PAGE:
Multiple Births Parenting

And Quints Make 8!

Last year we introduced you to a Jeffersonville couple, Christy Kessinger and Bill Clark. The couple who, at the time, had three children, had been surprised by the results of their prenatal ultrasound.  Then they were surprised again…and again…and again.

At the first screening, the couple was told to expect twins.  But two weeks after that, a subsequent screening showed another heartbeat.

“They added a heartbeat every two weeks,” said Christy.  Another heartbeat every two weeks until there were five heartbeats in all.

Christy was hospitalised from the 20th week until the babies were born eight weeks later.  The quints spent a further 6 weeks at Kosair Children’s Hospital, but were all home by the end of September.

The brood of eight now includes Ty, 10, Tayleigh, 6, Tanner, 3 and the quints, born August 8th, Maggie, Easton, Hartley, Allie and Ella.

Fast forward to the present and the family of 10 is struggling to maintain sanity in a, too small, three bedroom ranch house.

The couple’s third child, Tanner, who has Down’s syndrome, sleeps in a converted walk-in closet in his parent’s room.  He started out in the closet because of a series of serious illnesses when he was younger.  His parents felt more comfortable having him close by, so they could monitor him.  Now that he’s well, however, “there’s really nowhere else for him to go,” Kessinger said.

What used to be the garage was renovated to become a family room and is now the nursery.  The walls are lined with cribs and swings; five bouncers, five Bumbos, five of everything.

The house is on the market, but it isn’t an easy sell in a sluggish economy.

“The thought of selling our home scares me just as much as not selling it,” said Christy  “We need at least five bedrooms, and that’s with four girls sharing one room.”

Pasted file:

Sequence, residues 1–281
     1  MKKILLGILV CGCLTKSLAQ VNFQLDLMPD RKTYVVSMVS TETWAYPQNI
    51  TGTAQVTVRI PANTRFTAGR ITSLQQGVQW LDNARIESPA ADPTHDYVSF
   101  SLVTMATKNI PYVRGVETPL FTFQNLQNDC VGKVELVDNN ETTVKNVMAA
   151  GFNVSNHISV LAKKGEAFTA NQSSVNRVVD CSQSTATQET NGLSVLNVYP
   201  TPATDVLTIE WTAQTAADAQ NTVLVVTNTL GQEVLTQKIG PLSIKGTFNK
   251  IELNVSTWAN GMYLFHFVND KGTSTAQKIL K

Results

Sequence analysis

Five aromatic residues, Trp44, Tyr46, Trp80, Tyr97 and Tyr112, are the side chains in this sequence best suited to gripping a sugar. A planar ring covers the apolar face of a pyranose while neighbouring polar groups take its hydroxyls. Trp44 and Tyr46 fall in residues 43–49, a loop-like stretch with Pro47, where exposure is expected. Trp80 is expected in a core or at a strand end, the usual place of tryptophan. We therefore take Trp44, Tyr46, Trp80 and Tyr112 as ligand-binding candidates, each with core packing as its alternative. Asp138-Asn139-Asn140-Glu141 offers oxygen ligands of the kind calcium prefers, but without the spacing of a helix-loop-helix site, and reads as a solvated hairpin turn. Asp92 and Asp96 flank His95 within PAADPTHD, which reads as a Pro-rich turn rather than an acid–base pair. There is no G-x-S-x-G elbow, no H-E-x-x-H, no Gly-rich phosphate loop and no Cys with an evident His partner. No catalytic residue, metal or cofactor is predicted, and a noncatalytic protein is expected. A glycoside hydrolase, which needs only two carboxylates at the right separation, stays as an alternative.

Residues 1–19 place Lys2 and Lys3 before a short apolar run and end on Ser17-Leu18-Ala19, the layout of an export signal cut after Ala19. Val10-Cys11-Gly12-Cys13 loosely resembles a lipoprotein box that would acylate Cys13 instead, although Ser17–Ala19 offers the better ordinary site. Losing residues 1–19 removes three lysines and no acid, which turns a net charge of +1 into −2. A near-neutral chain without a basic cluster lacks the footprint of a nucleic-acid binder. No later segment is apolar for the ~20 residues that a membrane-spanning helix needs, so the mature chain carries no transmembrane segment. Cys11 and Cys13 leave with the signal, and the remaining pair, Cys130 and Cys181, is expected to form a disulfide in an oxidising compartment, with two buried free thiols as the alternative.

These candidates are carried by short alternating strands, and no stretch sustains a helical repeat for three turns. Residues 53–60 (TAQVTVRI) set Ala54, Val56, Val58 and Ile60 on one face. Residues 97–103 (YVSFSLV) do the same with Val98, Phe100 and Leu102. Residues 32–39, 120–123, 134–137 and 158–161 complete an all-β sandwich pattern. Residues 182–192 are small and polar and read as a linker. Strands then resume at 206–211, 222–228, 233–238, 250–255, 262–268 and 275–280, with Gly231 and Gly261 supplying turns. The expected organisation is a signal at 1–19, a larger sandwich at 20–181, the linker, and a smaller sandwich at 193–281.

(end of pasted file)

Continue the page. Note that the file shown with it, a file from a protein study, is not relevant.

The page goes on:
“Two bathrooms is not going to work, and we need two washers and dryers and maybe two dishwashers,” adding, “And what five-bedroom house is under $175,000?”

The couple recently bought a second-hand 12-seater van, so the family can continue to live as normal a life as possible.

“Our older kids are so used to doing things and going places that we will not stop,”

The couple doesn’t want the older three to grow to resent the babies, so they don’t call on them for help very often.  They don’t get a great deal of help at all, really.  Clark’s mother is battling cancer.  Kessinger’s parents live nearly an hour away but do what they can.  The couple has friends who come by twice a week, to lend a hand.  They appreciate the help they get, but for the most part, they’re on their own.

It is a struggle for the family, but they won’t throw in the towel.  “God blessed us with these children,” Kessinger said confidently.  “We know everything will work out.” – Jen R, Staff Writer

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About the author

Jen R

Jen R should have been a spy; she would have been really great at it. Instead, she has found limitless happiness raising a future international man of mystery. She is a writer, a maker of suppers, a kisser of boo boos and a finder of lost things. She would always prefer to watch politics than sports and will never watch a soap opera...ever.

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